MORVIGOR

Being totally impressed by MORVIGOR an interview was necessary. So here you go. I expect you to get the album too. Anders Ekdahl ©2018

When you release a new recording does it feel like you have to start a new a couple step back because so much time has passed and so many new bands have entered the scene since the last album or do you just pick up where the last one left?
-Hmm, the last album was something completely different but with this album it feels more as if we started as a new whole, with more confidence and more defined music then beforehand. The shows we are playing now are better and tighter as ever, and you can feel that from the crowd when we play the song ‘Blood of the Pelican’.

Do you have an aesthetic that you keep true to from recording to recording (i.e. stylistical same art work, lyrical theme etc.)?
-No Morvigor’s last album was something completely different than this album. This album is much more mature and heavier then the first one.

How hard is it to come up with lyrics to the songs? When do you know that you have the right lyrics?
-As of our new album, ‘Tyrant’, it all came together quite nicely. This time Evio Paauw, who wrote the lyrics; he has an exceptional way of writing when it comes to individual sentences and the complete concept as a whole. I think the lyrics suit the song when it is in balance and that its not to much in the background or to much up front.

I am old school. I like really cool album covers but from what I’ve gathered some bands tend to spend less on art work because people don’t buy records, they download songs. What are your feelings on this?
-That’s a shame in my opinion, I love cd’s and the artwork. I always enjoy looking at the artwork whenever I grab a cd. But, I also understand why people dont buy cd’s anymore because this is a new generation where everything is going trough streaming media, such as spotify. Still I’d love to see bands trying to put together a nice artwork for the whole concept.

Do you ever feel that you get misinterpretated because of the music you play?
-Well, it depends,.. Only as long as the people hear our music it is fine. It’s mostly that it is a tough job describing the music we play and hence from that the people dont know what kind of music we make. After the people heard our music it is easier for them to relate it to other bands. I dont know why but I always get excited when someone comes up to me and says: ‘You know what your music reminded me of?’.

I get the feeling that fans that are true to a band, is a lost thing with the easy access to music these days. Do you feel that this is a bad thing or are there any positive aspects of it at all?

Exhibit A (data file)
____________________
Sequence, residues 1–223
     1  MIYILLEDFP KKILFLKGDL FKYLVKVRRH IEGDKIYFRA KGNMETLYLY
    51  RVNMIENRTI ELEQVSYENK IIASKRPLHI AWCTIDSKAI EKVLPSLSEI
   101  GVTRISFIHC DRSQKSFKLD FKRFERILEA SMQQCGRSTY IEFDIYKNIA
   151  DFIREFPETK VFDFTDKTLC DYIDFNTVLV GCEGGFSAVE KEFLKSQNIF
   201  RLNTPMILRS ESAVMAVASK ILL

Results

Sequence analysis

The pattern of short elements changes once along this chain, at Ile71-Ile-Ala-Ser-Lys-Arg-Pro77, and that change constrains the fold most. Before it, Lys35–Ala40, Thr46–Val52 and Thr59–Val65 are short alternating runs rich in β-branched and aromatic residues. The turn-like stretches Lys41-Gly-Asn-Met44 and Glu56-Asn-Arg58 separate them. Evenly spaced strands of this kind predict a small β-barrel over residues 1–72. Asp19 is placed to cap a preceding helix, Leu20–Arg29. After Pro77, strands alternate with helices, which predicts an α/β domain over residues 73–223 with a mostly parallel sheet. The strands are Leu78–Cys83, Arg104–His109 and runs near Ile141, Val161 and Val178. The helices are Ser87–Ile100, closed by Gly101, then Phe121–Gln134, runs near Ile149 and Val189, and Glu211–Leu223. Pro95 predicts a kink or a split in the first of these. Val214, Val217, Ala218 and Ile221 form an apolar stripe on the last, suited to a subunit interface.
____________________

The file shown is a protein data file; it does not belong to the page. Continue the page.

-Hmm, maybe back in the day it was more of a thing to support one band or genre completely? But I still see that friends of mine year after year still go to concerts that they were visiting a long time ago or buying thier cd’s. I love lots of different styles and genre of music, roaming from amospheric black to brutal slam death metal. For myself, whenever there is an awesome band playing worth watching, Amenra, Oathbreaker or even Dying Fetus or Wintersun on the other hand, I try to visit them whenever I can. But I dont feel ‘true’ to one band as all of the bands I listen are enjoyable and I dont want to exclude any bands.

Back in the days you had to trade tapes if you wanted to hear new unheard of bands. Today you are just a click away from discovering new acts. Do you feel that this development in some ways will do more harm than good in the long run, that it will eventually kill off music as we know it?
-I dont think it will kill the music as we know, maybe it will change a whole lot, but in the metal music I think the pure essential will stay alive and will keep thriving on. I grew up with buying CD’s in the record shop, and I will probably always buy cd’s whenever I like a band. I do always first check YouTube or bandcamp before I buy CD’s. I do like it that I can find an awesome band from the other side of the world just simply because of an click on a computer.

I get the impression that today’s touring scene is most made up of festivals or multiple band line-ups. Is it harder/tougher to tour today? *
-I also see that a lot of the same acts play at all the festivals, I might be wrong but at least thats the impression im getting. Nothing wrong with that, but it sure does give the idea that it would be harder to do a tour with new bands or attend on a festival.

If you were to decide how would the stage show look like?
-Dark and mischievous. With the right atmosphere and vibes from the crowd.

What does the future hold?
-Hopefully a lot ofcourse, it would be awesome to do a tour with a couple of big bands for a while. Maybe release some new material. But you will definitely hear from us! Thanks for the interview!

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